Illich further warned that the exponential, unchecked speed of technological enterprise could restrain the natural creative capabilities of individuals, isolating them from each other, and locking them in a “man-made shell.”
It is becoming all too clear to me that the techno-engrossed controllers have no self-restraint and no boundaries. My point is that the notion of “trust the science,” is a hypnotic delusion, in which the somnambulant masses have resorted to blind trust (and in some instances idolatry) in the “experts,” with no desire, nor any conception that they need to be setting responsible limits. This is an illusory trap to propel us forward with no opportunity for reflection and restraint in any regard. To conclude with Illich, “People who have unlearned how to decide about their own rights on their own evidence become pawns in a world game operated by mega-machines . . . When communities have grown overconfident in science, they leave it to the expert to set the upper limits on growth. This mandate rests on a fallacy.”
In the same year (1973) that Illich published the first edition of Tools for Conviviality, another author, Jacob Bronoswki gained much more traction among the slumbering masses, with his book The Ascent of Man. Bronowski envisioned that it is through science that humanity will ascend — as we unlock, and ultimately control, nature. While he was overly optimistic in his belief that humanity’s ascent will result from our discovery and application of knowledge, it is my belief that if we continue to build upon this shaky scientific blockchain-based scaffolding, without balancing the knowledge inherent in nature, we render the scaffolding of nature — including our natural bodies — obsolete, thereby resulting in the descent of man.
1) Parag Khanna was a Young Global Leader of the World Economic Forum, a fellow at the Brookings Institution, a Senior Research Fellow at the Lee Kuan Yew School of Public Policy at the National University of Singapore, a researcher at the Council on Foreign Relations, and a senior geopolitical adviser to U.S. Special Operations Command.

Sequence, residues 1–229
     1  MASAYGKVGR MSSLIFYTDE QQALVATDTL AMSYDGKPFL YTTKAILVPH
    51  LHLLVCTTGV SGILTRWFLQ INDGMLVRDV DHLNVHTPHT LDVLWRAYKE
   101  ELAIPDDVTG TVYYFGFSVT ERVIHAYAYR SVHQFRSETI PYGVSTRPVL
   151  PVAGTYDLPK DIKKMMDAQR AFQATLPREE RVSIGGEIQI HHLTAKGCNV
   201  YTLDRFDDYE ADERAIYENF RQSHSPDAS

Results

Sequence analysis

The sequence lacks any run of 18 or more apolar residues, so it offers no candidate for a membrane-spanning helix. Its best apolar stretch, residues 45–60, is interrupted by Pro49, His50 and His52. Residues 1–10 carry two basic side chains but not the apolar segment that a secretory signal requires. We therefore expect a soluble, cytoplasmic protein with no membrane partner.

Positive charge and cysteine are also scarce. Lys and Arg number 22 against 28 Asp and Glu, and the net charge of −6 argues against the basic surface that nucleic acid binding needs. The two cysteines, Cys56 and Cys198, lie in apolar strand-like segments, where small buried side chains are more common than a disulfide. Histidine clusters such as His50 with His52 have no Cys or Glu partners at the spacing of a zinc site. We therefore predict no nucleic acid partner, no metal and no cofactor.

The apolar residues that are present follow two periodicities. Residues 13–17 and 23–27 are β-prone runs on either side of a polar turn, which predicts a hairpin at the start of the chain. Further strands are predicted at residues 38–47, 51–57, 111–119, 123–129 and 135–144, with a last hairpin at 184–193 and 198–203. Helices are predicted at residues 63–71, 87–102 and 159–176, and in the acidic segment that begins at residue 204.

2) In Technocracy in America, Parag Khanna noted that Singapore is often described as the “world’s best run company.” Central to this stealth corporate model, that relies heavily on strategic planning and scenario-led thinking, is Singapore’s Centre for Strategic Futures (CSF). By governing through scenarios—experts and citizens converge to build realistic scenarios from which to instruct and construct policy. The CSF aggregates these scenarios, and is plugged into the World Economic Forum’s Risk Response Network and the Davos-based World Risk Forum. Much more could be said about the CSF, and it deserves an entire post on its own. However, I would like to highlight the CSF’s “sister outfit,” the Horizon Scanning Centre (HSC) as part of the Risk Assessment and Horizon Scanning (RAHS) program. As a core tool of the RAHS program, the HSC convenes an annual International Risk Assessment and Horizon Scanning Symposium (IRAHSS) gathering of futures practitioners. This Singaporean horizon scanning initiative analyzes signals of potential future shocks, utilizing computer-based tools for scanning and modeling, for the purpose of building resilient systems.